Knowledge at Wharton features an interview this week with Professor Robert Meyer regarding his research on hurricane preparation (or lack thereof, by many citizens). Here's an excerpt:
Knowledge@Wharton: How difficult is it to get people to be proactive?
Meyer: It varies. We’ve done some studies as to who is prepared for storms and who isn’t. What we find is that the people who are the most at danger of not preparing are those who have been through a storm but not a very strong one. Effectively, they think that they’ve survived a hurricane, but they actually haven’t.
On the other hand, surprisingly, people who are often better prepared are people who move into an area and have never been through a storm. They’re listening to the end-of-the-world broadcasts that are coming on television and saying, “I’ve just moved to Miami or the mid-Atlantic, and I’m going to believe what they tell me on the news, that I’d better really prepare.” These people do prepare. Unfortunately, what happens is that then when the storm comes through and they find nothing really happened, then the next time they figure, well, maybe I might prepare a little bit but not as much.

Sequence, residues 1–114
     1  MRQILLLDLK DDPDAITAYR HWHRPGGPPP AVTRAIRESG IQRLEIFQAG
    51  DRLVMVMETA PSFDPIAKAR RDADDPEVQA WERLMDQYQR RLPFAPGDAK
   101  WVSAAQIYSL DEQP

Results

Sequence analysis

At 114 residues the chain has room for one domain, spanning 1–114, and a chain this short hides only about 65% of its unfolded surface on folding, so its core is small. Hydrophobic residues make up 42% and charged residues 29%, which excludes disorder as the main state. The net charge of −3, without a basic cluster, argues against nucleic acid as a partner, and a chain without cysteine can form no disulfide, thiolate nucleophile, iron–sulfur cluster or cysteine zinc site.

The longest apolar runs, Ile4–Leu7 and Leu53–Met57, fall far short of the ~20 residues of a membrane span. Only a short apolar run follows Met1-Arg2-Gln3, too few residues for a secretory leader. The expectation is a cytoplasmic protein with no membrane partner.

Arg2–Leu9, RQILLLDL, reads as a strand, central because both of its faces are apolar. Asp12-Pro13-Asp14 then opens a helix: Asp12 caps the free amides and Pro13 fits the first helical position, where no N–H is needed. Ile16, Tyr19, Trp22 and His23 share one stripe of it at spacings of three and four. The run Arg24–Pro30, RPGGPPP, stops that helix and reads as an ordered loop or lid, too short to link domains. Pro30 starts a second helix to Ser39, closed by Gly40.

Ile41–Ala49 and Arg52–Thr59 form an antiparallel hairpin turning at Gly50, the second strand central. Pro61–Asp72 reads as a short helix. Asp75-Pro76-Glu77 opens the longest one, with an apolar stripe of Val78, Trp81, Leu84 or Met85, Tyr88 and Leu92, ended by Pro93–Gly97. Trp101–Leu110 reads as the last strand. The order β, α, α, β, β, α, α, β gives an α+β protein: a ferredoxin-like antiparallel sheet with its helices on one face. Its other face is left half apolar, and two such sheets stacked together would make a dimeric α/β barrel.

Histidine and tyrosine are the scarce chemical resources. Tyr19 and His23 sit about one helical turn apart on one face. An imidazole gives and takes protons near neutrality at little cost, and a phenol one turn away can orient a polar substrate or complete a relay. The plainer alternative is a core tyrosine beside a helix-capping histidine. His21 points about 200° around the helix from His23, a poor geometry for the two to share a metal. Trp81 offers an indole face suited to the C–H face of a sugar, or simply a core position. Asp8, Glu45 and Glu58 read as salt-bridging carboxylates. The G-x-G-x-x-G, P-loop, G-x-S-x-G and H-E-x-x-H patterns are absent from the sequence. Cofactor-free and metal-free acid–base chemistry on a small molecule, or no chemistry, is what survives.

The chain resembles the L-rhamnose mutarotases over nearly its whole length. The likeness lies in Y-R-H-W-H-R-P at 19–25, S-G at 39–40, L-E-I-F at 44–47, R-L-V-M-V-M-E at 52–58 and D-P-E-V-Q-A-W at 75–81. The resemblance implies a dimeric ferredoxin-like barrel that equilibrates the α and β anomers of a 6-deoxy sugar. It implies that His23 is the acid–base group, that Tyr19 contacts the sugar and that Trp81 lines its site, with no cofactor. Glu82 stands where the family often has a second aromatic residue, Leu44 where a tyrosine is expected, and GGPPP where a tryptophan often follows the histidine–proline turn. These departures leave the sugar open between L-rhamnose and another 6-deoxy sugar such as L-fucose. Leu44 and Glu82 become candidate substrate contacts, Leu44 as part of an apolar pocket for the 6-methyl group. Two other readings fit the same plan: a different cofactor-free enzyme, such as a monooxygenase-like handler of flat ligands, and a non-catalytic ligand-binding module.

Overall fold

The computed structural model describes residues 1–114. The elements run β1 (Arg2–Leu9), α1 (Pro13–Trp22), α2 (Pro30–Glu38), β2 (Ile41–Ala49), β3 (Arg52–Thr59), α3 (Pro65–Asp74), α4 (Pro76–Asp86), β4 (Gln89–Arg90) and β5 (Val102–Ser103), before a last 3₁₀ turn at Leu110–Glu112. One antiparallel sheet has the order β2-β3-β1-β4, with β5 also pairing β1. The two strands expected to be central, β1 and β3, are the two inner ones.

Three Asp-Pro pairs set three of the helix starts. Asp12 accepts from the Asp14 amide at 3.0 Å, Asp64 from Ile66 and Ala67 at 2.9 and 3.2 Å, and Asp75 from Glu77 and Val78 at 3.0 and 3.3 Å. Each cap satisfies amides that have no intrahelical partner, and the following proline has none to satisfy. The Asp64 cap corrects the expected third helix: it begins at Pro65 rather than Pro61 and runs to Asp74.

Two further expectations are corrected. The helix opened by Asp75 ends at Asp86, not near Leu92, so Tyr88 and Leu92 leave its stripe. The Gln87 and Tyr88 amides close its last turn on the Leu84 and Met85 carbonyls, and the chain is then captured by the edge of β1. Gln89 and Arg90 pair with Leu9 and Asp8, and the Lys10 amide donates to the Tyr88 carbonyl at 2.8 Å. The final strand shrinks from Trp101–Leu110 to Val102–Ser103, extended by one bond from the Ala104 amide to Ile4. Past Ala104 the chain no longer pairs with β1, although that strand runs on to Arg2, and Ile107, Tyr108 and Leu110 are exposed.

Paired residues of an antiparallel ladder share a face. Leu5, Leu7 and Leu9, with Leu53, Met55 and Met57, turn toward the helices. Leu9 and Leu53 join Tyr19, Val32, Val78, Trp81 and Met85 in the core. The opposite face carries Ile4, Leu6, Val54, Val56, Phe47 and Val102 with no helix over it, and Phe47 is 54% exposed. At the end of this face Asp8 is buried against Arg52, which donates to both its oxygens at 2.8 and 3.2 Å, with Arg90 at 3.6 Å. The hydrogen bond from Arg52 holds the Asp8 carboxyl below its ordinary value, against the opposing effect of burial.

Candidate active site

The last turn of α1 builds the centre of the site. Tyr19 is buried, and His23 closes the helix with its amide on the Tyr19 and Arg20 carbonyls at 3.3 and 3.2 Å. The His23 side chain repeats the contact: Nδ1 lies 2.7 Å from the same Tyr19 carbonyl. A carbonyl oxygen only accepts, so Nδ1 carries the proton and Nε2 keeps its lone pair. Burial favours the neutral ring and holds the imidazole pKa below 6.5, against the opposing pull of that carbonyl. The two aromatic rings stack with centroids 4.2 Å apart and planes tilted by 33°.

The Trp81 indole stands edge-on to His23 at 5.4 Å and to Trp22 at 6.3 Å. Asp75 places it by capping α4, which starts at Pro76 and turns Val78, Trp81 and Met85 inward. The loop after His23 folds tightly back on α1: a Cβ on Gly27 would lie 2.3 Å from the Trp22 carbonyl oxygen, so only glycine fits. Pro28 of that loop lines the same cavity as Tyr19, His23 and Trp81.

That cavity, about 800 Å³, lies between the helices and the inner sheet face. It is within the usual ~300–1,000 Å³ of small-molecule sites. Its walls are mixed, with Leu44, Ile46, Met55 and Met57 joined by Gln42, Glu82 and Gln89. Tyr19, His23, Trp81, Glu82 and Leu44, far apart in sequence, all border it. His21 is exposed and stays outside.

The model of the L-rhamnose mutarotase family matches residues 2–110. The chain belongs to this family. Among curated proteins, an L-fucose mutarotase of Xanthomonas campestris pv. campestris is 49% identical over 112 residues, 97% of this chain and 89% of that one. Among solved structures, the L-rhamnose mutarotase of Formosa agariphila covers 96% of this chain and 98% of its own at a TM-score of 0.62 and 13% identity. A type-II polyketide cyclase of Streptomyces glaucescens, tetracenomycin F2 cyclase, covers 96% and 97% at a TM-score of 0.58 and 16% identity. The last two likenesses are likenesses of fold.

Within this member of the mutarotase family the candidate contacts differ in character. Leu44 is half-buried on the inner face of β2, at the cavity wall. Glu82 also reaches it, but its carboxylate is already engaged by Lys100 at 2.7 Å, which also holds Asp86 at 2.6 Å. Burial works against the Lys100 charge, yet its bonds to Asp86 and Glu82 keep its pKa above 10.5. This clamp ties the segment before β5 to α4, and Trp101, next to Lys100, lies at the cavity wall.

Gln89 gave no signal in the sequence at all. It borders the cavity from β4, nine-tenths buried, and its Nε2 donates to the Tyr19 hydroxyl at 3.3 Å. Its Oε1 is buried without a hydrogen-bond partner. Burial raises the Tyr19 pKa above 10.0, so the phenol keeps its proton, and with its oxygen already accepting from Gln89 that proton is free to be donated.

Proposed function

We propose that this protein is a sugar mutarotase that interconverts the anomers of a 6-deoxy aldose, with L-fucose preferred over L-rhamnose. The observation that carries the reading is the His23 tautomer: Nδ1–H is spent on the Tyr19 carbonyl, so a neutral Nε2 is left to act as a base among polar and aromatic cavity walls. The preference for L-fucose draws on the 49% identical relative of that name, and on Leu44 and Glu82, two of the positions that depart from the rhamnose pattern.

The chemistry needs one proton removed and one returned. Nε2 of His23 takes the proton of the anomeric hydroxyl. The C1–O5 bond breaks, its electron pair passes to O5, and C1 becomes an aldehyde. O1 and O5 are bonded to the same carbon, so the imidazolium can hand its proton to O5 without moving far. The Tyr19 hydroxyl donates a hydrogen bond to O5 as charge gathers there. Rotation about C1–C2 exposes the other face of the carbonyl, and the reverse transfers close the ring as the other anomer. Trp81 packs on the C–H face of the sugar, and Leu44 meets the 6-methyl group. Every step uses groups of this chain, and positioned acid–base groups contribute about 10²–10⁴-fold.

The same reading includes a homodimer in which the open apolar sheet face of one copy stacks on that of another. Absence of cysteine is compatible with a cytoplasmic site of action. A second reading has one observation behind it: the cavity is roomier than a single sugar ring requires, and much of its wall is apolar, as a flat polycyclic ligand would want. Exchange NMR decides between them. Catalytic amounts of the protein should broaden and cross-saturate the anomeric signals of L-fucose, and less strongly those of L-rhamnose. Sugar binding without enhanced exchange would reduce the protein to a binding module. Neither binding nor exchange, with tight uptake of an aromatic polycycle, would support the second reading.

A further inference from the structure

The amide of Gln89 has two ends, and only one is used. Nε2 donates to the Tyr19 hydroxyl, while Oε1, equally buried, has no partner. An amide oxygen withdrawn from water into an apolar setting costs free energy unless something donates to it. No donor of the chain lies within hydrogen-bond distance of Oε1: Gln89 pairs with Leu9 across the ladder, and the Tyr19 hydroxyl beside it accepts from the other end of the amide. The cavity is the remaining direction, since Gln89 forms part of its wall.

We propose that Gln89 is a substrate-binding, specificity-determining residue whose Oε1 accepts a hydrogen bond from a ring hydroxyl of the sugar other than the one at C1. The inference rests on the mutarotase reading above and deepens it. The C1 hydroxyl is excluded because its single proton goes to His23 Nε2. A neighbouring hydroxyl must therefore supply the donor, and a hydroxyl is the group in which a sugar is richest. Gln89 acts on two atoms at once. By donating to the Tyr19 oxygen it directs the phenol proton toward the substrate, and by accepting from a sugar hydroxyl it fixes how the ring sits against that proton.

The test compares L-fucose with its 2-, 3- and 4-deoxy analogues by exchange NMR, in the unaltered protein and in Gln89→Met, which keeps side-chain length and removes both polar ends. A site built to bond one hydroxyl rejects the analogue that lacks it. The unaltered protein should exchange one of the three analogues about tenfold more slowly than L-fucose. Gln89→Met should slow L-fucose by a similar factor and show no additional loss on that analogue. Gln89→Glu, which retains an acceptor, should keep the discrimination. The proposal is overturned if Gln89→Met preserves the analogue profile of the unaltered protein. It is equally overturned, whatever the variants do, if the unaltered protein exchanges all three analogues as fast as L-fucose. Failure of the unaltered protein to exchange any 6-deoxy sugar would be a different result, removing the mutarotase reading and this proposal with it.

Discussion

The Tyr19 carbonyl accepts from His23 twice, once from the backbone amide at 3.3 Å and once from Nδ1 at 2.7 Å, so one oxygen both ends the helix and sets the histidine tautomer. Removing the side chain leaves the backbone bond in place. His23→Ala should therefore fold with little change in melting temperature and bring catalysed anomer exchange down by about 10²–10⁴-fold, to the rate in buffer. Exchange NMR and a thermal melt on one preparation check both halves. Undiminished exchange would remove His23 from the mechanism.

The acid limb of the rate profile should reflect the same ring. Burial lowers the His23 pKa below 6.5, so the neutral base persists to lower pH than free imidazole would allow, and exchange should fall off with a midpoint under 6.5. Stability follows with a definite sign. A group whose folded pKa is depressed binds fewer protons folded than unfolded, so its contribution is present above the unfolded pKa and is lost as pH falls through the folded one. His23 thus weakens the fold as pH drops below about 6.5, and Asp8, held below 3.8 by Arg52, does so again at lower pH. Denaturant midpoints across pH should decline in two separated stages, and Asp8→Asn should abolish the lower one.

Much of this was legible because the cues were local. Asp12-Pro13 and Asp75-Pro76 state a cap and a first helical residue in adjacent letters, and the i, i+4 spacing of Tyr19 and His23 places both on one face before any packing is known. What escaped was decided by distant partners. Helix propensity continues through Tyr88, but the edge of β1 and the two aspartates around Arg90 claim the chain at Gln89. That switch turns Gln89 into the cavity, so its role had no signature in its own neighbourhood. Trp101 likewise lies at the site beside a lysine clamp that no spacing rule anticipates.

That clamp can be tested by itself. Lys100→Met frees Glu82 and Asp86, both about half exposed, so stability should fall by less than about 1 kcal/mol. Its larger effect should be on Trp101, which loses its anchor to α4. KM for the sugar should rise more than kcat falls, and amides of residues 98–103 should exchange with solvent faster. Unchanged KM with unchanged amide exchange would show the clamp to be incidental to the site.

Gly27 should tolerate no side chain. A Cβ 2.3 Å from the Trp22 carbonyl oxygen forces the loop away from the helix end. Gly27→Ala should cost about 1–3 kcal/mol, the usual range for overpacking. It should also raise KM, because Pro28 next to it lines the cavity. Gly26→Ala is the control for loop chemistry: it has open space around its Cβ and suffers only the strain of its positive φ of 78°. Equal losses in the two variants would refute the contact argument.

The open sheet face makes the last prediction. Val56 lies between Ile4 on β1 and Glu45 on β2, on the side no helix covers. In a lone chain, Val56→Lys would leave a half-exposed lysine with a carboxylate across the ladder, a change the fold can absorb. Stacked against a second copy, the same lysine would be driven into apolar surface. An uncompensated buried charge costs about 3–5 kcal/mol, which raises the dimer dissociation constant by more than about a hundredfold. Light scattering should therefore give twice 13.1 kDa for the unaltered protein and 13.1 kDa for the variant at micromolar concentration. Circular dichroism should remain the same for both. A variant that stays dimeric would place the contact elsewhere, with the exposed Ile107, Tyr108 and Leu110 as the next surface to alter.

What's the lesson for business leaders? How does this research finding apply beyond the scope of hurricane preparation? Consider the types of competitive threats that your company faces? Have you coped with similar threats in the past? If you have, and if the threats were mild in nature, that might make you less likely to take future threats seriously. You might think, "I've been through this before, and it wasn't so bad. It won't harm our business."
Repeated mild threats leads to a sort of dampening of our sensivity to risk. Diane Vaughan wrote about this concept many years ago in her research on the Challenger space shuttle accident. She described the phenomenon as the "normalization of deviance." Basically, the unexpected can gradually become the expected, which can then gradually become an acceptable risk. To an outsider, of course, a threat can seem much more serious and severe. They have never seen this type of risk in the past. The lesson, then, is that you might want to make sure that you engage both new leaders and incumbent managers in a constructive debate when assessing competitive threats. The new voices can bring a necessary sense of urgency to the conversation, and they can perhaps help the organization assess the risk in a more accurate way.
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